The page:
What if I told you that nearly everything we’ve been taught in the West about how Chinese medicine works isn’t accurate? What if I told you that Chinese medicine isn’t a woo-woo, esoteric “energy medicine” at all, but instead a functional, “flesh and bones” medicine based on the same basic physiology as western medicine? And what if I told you I could explain the mechanisms of Chinese medicine in simple, familiar terms that any eight year-old could understand and even the most skeptical, conservative doctor couldn’t argue with?
The “energy meridian” model that has become the default explanation of Chinese medicine US is not only out of sync with our modern, scientific understanding of the body – it’s also completely inconsistent with classical Chinese medical theory. In other words, we’ve made up our own western version of Chinese medicine that has little to do with how it was understood and practiced since it began more than 3,000 years ago in China.
In Parts I – III of the series, I explain how the mistaken “energy meridian” model of understanding acupuncture came to prominence in the US, and I replace it with a model that is more historically accurate and consistent with modern science. Part IV summarizes what we know about how acupuncture contributes to healing from a biomedical perspective, and Part V goes into more detail about how acupuncture relieves pain. Finally, in Part VI I discuss the advantages of acupuncture and Chinese medicine over western medicine as a primary healthcare modality.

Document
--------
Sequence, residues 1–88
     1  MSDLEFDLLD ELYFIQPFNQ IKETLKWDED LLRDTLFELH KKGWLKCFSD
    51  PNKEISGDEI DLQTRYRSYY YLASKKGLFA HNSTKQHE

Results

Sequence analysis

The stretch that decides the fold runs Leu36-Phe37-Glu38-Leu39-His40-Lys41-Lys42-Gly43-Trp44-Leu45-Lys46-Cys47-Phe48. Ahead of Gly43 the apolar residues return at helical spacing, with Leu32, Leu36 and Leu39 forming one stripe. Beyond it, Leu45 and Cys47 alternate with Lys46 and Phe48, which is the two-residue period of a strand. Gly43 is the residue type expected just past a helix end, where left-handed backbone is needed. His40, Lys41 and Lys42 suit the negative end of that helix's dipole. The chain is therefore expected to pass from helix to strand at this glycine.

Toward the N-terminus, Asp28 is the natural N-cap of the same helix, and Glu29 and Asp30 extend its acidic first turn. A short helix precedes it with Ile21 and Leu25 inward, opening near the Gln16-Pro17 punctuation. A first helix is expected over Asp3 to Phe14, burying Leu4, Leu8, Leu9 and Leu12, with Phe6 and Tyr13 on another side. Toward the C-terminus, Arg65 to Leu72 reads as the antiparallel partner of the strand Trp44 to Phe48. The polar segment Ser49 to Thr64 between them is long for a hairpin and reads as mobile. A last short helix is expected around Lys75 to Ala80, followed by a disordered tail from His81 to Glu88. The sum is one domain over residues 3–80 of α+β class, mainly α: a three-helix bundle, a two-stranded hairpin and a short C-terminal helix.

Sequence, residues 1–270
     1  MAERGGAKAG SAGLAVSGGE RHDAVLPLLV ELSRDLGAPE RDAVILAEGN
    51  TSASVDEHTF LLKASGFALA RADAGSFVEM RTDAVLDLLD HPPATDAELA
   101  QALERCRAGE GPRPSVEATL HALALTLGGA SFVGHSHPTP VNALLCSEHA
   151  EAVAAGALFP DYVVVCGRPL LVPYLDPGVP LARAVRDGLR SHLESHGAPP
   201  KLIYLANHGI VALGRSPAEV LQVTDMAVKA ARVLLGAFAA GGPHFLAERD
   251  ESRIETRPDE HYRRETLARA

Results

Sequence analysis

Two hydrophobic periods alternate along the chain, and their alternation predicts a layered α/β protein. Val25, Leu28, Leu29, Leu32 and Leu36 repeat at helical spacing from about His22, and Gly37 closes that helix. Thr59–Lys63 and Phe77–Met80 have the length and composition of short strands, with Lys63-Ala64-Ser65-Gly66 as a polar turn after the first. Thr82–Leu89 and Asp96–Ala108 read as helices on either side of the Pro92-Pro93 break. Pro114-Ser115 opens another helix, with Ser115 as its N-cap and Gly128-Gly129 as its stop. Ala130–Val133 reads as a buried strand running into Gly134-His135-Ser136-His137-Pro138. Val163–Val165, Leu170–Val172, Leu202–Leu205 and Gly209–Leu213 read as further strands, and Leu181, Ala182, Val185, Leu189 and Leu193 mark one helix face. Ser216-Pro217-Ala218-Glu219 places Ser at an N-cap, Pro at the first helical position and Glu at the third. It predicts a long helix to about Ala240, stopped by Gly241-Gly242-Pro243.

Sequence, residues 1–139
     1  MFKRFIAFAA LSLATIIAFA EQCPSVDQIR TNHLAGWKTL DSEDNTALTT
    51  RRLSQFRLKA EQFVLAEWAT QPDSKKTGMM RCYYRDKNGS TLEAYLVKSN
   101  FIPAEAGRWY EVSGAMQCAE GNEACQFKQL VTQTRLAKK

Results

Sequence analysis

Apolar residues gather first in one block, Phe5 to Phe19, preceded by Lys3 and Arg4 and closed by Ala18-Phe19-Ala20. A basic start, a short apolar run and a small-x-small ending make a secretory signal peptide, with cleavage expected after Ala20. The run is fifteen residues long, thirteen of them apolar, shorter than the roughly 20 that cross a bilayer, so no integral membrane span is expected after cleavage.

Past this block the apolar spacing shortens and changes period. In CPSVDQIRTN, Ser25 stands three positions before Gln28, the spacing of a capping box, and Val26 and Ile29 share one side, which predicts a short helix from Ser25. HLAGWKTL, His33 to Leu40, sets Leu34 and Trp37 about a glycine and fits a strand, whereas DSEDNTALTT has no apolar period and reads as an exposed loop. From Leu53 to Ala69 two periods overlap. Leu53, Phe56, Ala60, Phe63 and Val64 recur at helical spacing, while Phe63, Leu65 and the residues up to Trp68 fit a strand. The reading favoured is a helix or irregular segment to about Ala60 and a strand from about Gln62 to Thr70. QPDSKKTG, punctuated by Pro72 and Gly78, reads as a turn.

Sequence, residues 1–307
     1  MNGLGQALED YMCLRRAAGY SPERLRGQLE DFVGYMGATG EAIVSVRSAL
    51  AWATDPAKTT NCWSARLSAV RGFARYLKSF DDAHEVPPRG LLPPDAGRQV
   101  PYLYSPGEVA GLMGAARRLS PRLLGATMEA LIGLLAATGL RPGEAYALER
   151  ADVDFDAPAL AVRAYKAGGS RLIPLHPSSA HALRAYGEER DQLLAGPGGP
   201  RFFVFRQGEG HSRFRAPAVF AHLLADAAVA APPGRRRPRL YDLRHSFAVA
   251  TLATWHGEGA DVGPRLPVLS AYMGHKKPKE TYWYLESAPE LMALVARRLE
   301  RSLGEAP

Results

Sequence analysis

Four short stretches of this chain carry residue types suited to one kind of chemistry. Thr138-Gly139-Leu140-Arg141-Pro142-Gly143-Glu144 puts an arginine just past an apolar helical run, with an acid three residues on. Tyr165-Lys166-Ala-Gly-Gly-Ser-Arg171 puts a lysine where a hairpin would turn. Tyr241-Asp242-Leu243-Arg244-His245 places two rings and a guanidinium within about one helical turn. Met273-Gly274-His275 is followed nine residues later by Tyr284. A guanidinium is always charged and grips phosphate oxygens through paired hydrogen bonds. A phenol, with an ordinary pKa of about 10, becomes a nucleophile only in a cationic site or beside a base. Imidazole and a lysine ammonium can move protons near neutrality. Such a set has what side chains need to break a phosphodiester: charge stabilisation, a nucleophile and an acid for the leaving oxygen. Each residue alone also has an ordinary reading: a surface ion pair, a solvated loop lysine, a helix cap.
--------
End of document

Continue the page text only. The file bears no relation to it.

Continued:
I hope you enjoy the series!
- Chinese Medicine Demystified (Part I): A Case of Mistaken Identity
- Chinese Medicine Demystified (Part II): Origins of the Energy Meridian Myth
- Chinese Medicine Demystified (Part III): The “Energy Meridian” Model Debunked
- Chinese Medicine Demystified (Part IV): How Acupuncture Works
- Chinese Medicine Demystified (Part V): A Closer Look At How Acupuncture Relieves Pain
- Chinese Medicine Demystified (Part VI): 5 Ways Acupuncture Can Help You Where Drugs and Surgery Can’t
- Kendall, Donald, The Dao of Chinese Medicine, Oxford University Press, 2002
- Biomedical Acupuncture for Pain Management, by Yun-Tao Ma, Mila Ma & Zang Hee Cho
- The Dao of Chinese Medicine, by Donald Kendall
- The Biology of Acupuncture, by George Ulett & Songping Han
- The Neuroimmune Basis of Anti-inflammatory Acupuncture, by Ben Kavoussi & Evan Ross
- Acupuncture in Medicine Journal (part of British Medical Journal)